this bill is unconstitutional, but, well, it's perfectly okay to take money from those who are trapped in our current system, unable to obtain the care they need, just so yous can give it to the "poor", who just may have an income twice the amount of the one who is being denied, if not more!!
it's been unconstitutional for years!!

and it's gotten to the point where no one, not we the people, not your local, state, or federal gov't can afford the current system!

you don't like the bill, it's unconstitutional, I don't like the current system, it's unconstitutional.
what would be constitutional....oh, ya, have the gov't pull back the money that they are sending into this system...but no one wants that one either!



posted on Mar, 25 2010 @ 05:08 PM
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Originally posted by harvib

However it is not debatable that this legislation created tremendous demand for the insurance industry. Due to the fact that this legislation requires individuals to have insurance, all who previously didn't have insurance will now be entering the market place to purchase insurance. The increased demand becomes present the day the legislation is signed not due to some epidemic as you state.



That would make sense if there was a shortage. But there isn't. Increased demand in that sense works when there is a limited supply. When the supply is unaffected by the number of users, as there is no shortage and no demand that would increase prices.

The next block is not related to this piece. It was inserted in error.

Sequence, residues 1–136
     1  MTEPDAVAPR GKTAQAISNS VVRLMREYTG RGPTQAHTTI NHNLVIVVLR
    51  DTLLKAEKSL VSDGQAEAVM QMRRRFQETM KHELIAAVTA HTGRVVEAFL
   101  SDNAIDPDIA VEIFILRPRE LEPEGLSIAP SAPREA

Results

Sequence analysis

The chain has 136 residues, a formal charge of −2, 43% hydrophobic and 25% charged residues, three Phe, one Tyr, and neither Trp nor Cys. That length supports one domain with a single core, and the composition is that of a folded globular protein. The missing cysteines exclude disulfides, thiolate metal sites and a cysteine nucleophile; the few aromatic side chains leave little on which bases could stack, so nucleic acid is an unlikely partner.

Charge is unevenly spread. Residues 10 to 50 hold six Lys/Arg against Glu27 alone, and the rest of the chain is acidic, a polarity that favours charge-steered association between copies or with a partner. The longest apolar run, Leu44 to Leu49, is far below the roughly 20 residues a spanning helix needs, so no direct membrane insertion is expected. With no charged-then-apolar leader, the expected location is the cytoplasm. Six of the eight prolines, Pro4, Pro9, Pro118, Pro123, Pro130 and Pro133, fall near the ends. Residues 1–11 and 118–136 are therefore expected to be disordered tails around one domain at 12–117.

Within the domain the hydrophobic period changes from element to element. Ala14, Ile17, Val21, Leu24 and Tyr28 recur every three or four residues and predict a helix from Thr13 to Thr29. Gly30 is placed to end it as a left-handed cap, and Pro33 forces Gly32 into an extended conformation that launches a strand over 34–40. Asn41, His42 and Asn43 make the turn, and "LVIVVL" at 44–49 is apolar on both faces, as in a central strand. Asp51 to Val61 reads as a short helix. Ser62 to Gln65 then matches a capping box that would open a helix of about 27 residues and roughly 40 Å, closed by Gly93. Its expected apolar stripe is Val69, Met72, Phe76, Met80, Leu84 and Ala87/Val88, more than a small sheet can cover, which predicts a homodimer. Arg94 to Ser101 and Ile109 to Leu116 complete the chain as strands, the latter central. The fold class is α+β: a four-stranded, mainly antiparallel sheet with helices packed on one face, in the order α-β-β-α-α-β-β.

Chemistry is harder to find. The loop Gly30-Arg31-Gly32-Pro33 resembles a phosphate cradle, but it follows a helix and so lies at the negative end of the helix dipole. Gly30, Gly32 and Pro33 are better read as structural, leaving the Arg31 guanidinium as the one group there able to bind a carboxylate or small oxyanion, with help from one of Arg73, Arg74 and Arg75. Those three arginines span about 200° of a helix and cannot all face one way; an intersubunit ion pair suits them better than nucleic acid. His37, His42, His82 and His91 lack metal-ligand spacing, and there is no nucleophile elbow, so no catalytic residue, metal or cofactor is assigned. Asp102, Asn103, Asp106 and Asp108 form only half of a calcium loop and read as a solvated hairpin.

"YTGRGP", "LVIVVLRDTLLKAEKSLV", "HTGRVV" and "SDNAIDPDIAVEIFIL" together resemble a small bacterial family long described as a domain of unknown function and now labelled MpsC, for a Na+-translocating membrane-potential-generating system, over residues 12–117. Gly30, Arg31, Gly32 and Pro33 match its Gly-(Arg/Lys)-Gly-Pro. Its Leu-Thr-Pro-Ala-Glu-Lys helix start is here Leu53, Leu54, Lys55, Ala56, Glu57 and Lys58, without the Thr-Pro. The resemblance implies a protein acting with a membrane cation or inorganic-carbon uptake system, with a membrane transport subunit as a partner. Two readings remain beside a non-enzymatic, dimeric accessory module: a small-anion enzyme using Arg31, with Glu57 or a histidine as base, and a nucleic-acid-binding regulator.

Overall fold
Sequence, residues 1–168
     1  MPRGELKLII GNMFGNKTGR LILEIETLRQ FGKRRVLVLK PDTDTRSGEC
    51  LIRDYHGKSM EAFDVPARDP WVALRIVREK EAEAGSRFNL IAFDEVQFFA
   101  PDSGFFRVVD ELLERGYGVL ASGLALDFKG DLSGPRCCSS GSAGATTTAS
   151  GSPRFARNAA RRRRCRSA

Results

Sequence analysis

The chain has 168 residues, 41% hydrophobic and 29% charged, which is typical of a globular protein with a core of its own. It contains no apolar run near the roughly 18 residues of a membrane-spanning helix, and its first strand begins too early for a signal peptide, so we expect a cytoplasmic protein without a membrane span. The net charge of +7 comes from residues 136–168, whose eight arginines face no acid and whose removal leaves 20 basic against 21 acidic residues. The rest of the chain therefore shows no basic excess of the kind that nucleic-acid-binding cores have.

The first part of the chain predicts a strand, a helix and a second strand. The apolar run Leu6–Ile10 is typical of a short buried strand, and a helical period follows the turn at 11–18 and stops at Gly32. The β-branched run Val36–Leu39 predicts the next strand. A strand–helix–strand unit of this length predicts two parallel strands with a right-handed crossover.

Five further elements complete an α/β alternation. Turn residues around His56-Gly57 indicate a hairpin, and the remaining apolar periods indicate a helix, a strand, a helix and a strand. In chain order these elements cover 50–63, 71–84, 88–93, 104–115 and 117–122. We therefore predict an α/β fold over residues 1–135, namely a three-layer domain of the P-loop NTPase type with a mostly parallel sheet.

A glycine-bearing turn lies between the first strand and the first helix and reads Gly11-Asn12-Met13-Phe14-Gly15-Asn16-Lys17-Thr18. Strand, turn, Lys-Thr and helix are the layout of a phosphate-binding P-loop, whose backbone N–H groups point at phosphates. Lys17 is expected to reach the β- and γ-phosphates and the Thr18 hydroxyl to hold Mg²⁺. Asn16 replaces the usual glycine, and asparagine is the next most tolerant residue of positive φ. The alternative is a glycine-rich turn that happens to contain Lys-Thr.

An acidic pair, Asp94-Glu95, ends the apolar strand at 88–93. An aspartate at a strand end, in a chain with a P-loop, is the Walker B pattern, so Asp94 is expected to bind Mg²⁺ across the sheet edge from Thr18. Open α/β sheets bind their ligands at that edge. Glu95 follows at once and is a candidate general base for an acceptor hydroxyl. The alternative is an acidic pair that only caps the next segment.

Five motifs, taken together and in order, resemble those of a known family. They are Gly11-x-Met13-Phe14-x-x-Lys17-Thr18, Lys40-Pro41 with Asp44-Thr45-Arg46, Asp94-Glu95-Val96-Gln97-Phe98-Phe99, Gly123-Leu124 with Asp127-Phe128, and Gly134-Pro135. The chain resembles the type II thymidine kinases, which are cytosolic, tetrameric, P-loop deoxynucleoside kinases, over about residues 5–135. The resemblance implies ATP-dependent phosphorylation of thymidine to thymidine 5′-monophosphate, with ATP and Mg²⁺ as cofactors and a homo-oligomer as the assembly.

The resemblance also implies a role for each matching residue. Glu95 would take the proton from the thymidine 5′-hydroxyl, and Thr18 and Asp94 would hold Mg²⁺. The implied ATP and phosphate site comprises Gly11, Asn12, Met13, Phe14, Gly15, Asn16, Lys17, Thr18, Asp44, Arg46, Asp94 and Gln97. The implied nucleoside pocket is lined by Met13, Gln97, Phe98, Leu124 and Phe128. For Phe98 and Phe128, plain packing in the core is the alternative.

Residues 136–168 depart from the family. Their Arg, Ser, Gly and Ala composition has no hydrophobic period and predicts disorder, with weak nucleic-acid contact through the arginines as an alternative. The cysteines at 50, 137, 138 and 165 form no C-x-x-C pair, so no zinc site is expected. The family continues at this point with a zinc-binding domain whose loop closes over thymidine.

If, using my earlier example, suddenly 100,000 people wanted to buy tires, but there were only 50,000 tires available, then the increased demand would result in increased prices. When there are plenty of tires to go around, prices will not go up. This is not a supply and demand situation at all as the supply is unlimited. They can write as many policies as they want with no shortage.

In addition, The bill requires that ANY price increase has to be justified and pass a review board for approval.

The company I work for has a health plan. A few years ago our company took off and expanded. Due to the almost doubling of employees we were able to negotiate a better deal. With a larger group we got a better price. We increased demand, and lowered costs. That is the idea behind the concept of increasing the number of insured, brings down costs.



posted on Mar, 25 2010 @ 05:26 PM
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reply to post by Terapin
 


This is correct.

Insurance companies already have a monopoly. In my previous post I gave the example of your local hospital only accepting 2 kinds of insurance. Since they are not providing anything in the terms of *PHYSICAL GOODS*, and *JUST SERVICES* there is really no such thing as supply and demand in this instance.

The only way it will save is if they figure out a way to spread or mitigate risk within a very large sample size. Since there ARE STILL ONLY TWO OR THREE INSURERS IN YOUR AREA that most hospitals and Dr's accept I am quite skeptical about breaks in price.

See, the way to change this all would be to allow insurers to insure you out of state. Or out of your area. They still let the insurance companies basically control a monopoly. They KILLED Microsoft for this but for some reason AETNA, CIGNA, BCBS lobbyists really own our congress.